Anticipation is another key component of sustained competitive advantage. According to Kandampully and Duddy “there are limited advantages to being a trend setter; it is the trend creator that wins the game” (Kandampully, J., Duddy, R., 1, pg.). Here, of course, innovation is the key. With increased competition and threats from rivals and substitute products sustained competitive advantage can only be reached through constant innovation and growth (staying ahead of the competition). The key however, is to anticipate where the future is headed and where innovation is needed. The successful firm must think for the customer and anticipate their future needs. What works now, may not work in the future, and in order to be successful you must know what is going to work in the future (Kandampully, J., Duddy, R., 1). The firm that fails to “anticipate, react and respond” (Kandampully, J., Duddy, R., 1, pg.) to opportunities in their industry, whether they are deliberate or accidental, will quickly find themselves in the position of market-follower rather than market-leader.
When patenting is not possible it can also be argued that sustainable competitive advantage is achieved when the firm creates a product or service that cannot be imitated. This is especially fitting for service sector firms. Air Canada’s “Star Alliance” for example, where they formed partnerships with a number of airlines, including some of their major competitors created the idea of a single customer interface, providing flexibility for their customers and adding value for all those incorporated in the partnership (Kandampully, J., Duddy, R., 1). Another example would be the online auction site OnSale.com. This company tries to create an inimitable virtual value chain.
It renders value to its customers by enhancing every component along its customer’s value chain. That is; OnSale provides the most complete product description on-line, the auction is the most efficient form of pricing for B-goods, customers are notified by email about their successful bid which is very convenient for them, products are shipped to the customers desired location. OnSale has also developed its own proprietary software over four years, with a team of software engineers. This software can deliver a high throughput of 5000 transactions a day ensuring that OnSale has unique capabilities to deliver the value it boasts to its customers.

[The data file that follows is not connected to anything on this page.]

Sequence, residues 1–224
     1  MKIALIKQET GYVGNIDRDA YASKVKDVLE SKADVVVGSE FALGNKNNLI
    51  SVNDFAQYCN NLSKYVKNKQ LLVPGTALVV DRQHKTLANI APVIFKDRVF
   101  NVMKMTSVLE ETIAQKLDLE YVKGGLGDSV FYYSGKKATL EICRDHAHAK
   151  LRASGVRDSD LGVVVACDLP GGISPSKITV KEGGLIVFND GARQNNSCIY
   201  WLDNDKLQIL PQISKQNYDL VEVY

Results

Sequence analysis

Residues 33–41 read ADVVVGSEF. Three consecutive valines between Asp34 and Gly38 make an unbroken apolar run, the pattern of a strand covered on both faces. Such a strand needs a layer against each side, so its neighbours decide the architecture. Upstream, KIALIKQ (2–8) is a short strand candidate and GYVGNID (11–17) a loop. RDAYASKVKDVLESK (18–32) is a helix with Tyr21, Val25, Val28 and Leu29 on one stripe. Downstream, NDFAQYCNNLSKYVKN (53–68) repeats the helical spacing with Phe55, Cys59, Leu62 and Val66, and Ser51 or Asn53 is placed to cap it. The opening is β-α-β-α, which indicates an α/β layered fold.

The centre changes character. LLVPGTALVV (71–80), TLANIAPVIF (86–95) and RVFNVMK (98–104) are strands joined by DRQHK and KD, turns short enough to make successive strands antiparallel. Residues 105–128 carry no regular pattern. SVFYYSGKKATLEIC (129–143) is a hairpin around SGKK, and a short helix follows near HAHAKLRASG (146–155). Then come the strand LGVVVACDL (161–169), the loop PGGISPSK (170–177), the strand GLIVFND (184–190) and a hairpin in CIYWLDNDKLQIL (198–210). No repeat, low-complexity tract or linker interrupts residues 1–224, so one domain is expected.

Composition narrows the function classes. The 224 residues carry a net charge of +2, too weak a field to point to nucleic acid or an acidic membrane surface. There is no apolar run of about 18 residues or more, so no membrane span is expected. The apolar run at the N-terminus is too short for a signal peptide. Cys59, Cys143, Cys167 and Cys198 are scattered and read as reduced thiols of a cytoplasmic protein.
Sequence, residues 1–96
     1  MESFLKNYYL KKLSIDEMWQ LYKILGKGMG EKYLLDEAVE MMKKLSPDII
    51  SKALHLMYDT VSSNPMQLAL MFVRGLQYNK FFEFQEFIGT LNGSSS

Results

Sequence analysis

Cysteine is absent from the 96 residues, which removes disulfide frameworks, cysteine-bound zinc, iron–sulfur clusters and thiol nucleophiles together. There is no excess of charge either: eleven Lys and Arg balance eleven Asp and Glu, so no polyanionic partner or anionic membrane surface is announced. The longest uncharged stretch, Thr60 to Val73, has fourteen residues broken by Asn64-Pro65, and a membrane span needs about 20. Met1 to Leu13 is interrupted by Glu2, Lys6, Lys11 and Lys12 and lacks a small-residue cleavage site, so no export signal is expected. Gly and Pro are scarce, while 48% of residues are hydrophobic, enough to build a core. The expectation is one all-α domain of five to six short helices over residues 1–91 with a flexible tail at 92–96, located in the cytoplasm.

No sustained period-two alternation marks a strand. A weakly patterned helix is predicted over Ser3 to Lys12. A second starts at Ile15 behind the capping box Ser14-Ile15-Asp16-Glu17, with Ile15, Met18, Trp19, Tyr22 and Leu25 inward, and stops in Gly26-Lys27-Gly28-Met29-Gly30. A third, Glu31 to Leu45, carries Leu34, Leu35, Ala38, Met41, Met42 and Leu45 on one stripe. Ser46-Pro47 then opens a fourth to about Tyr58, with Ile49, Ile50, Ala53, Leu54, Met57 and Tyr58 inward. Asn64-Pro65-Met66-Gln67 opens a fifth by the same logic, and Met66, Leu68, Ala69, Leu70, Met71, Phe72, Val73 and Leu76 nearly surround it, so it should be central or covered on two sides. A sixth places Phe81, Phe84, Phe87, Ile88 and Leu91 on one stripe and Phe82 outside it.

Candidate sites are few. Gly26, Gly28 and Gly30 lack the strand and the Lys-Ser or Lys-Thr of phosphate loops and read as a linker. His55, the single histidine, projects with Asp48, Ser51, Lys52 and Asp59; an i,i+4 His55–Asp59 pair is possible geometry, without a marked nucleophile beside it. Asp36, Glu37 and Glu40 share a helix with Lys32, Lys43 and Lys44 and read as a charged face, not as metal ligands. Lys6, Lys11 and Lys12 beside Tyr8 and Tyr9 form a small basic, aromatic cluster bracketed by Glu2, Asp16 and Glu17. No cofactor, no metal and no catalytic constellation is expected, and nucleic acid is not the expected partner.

Therefore, it is not only innovation which generates sustained competitive advantage for organisations. It is a combination of factors internal and external to the firm. Internal factors are the firm’s own resources and include assets, capabilities, processes, competencies, strategies etc. External Factors include speed to market, adaptability to market changes, efficiency to incorporate and more importantly create best practices, flexibility to change, anticipation of future needs, and, relationships, both internal and external.
To conclude, becoming the leader in your market, ie. creating a sustainable competitive advantage lies in your ability to anticipate future trends (anticipation), take appropriate actions (innovation) and ‘think outside the box’ (relationships) (Kandampully, J., Duddy, R., 1). Sustained competitive advantage can be achieved through embracing and interpreting future customer needs and concerns. Consequently, innovation, while it is important and a key to sustained competitive advantage, is only effective if it is derived from a customer perspective. The key is to become your own customer and therefore develop products and services that “tomorrows customers want, before they become a reality” (Kandampully, J., Duddy, R., 1, pg. 4).